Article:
Wed06Nov20134:00pm - 5:00pm D18, Fylde, Lancaster University
Language statistics explain good-enough representations
Speaker: Max Louwerse, Professor Cognitive Psychology and Artificial Intelligence, Tilburg Center for Cognition and Communication, Tilburg University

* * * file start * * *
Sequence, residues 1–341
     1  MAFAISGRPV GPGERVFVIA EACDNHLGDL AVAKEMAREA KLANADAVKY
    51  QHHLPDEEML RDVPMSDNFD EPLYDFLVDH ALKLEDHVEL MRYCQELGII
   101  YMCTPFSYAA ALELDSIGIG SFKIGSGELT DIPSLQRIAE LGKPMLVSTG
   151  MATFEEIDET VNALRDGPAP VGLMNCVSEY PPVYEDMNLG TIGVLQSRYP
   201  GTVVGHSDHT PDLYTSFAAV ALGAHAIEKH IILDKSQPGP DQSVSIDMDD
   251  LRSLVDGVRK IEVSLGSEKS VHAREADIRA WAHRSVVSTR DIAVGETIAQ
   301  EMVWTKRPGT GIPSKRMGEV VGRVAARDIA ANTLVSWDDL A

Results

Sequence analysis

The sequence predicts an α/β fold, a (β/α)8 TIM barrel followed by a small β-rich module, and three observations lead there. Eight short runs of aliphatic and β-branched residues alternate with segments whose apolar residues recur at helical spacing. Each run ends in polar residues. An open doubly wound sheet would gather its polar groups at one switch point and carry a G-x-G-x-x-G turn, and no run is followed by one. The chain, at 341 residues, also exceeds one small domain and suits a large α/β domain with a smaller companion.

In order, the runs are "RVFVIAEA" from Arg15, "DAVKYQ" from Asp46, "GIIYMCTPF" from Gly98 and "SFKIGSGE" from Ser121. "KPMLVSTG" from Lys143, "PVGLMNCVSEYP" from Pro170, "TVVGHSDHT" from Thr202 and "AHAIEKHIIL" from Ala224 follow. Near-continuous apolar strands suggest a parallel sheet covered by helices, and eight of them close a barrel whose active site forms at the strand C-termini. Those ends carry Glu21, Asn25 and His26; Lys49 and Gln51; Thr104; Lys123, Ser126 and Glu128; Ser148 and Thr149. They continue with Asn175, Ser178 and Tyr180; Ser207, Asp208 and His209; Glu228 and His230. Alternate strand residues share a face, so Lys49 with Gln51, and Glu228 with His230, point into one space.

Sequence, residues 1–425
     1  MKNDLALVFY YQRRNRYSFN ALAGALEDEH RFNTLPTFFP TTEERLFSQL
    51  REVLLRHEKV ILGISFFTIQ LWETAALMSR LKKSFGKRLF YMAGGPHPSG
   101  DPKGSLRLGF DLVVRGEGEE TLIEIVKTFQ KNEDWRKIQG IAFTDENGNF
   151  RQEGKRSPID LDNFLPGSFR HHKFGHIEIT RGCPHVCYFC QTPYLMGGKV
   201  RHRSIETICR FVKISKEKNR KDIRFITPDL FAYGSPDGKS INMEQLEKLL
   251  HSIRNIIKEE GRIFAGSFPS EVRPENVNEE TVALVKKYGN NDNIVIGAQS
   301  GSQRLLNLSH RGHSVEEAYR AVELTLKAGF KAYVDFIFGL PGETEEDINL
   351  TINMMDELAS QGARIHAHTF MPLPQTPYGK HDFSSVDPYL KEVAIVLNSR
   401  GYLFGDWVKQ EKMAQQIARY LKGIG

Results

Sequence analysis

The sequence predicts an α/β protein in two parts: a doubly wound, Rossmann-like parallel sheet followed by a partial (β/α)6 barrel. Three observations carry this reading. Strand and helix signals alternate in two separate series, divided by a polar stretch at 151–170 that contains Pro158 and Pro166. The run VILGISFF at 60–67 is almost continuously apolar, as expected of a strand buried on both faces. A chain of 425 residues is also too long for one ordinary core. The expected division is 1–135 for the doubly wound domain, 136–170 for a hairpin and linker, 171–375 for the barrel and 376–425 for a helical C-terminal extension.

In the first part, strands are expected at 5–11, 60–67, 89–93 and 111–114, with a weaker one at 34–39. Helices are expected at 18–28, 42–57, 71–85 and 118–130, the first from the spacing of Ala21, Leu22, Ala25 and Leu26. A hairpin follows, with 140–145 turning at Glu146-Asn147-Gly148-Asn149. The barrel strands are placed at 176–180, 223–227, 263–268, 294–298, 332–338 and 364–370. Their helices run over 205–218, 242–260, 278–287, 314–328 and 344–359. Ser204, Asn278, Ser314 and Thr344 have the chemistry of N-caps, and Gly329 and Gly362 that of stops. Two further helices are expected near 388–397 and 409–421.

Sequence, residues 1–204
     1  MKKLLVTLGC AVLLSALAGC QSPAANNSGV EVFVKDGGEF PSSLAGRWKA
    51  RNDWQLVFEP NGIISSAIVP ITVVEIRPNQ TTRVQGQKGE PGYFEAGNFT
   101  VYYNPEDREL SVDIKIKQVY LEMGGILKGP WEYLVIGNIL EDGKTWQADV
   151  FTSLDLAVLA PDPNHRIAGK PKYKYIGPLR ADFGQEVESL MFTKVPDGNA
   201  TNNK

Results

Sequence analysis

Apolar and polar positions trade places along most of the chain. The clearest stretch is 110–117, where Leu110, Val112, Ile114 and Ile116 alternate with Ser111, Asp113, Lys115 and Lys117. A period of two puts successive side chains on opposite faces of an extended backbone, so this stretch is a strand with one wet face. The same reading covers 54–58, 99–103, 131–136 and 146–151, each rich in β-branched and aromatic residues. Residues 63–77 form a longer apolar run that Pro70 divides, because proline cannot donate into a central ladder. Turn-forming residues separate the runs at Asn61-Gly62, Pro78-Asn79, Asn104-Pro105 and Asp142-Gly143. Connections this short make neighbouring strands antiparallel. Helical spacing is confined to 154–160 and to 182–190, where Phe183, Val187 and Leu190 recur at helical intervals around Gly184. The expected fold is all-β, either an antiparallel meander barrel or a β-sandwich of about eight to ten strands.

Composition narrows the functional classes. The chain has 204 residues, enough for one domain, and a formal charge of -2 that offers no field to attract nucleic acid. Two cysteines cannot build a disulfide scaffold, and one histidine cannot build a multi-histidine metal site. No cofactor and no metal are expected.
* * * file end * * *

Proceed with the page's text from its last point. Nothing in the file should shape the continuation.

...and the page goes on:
A vast amount of literature has demonstrated that cognitive processes can be explained by a perceptual simulation account. Oftentimes such studies interpret an effect for perceptual simulation as the only explanation. This talk will discuss whether there are alternatives. One such alternative is provided by the Symbol Interdependency Hypothesis, which proposes that language encodes perceptual information. Language has evolved into a system of regularities that allows for a symbolic shortcut to perceptual relations in the world around us. Language users can rely on symbolic and perceptual relations depending on the nature of the stimulus, the cognitive task, and the individual, as well as the time course of processing. The Symbol Interdependency Hypothesis thereby emphasizes the role of language statistics in cognitive processing: Various studies ranging from conceptual metaphor, iconic relationships, geographical orientation, and the Spatial Numerical Association of Response Codes (SNARC) will be discussed showing that what might seem to be best explained by a perceptual simulation account is in fact best explained by statistical linguistic frequencies.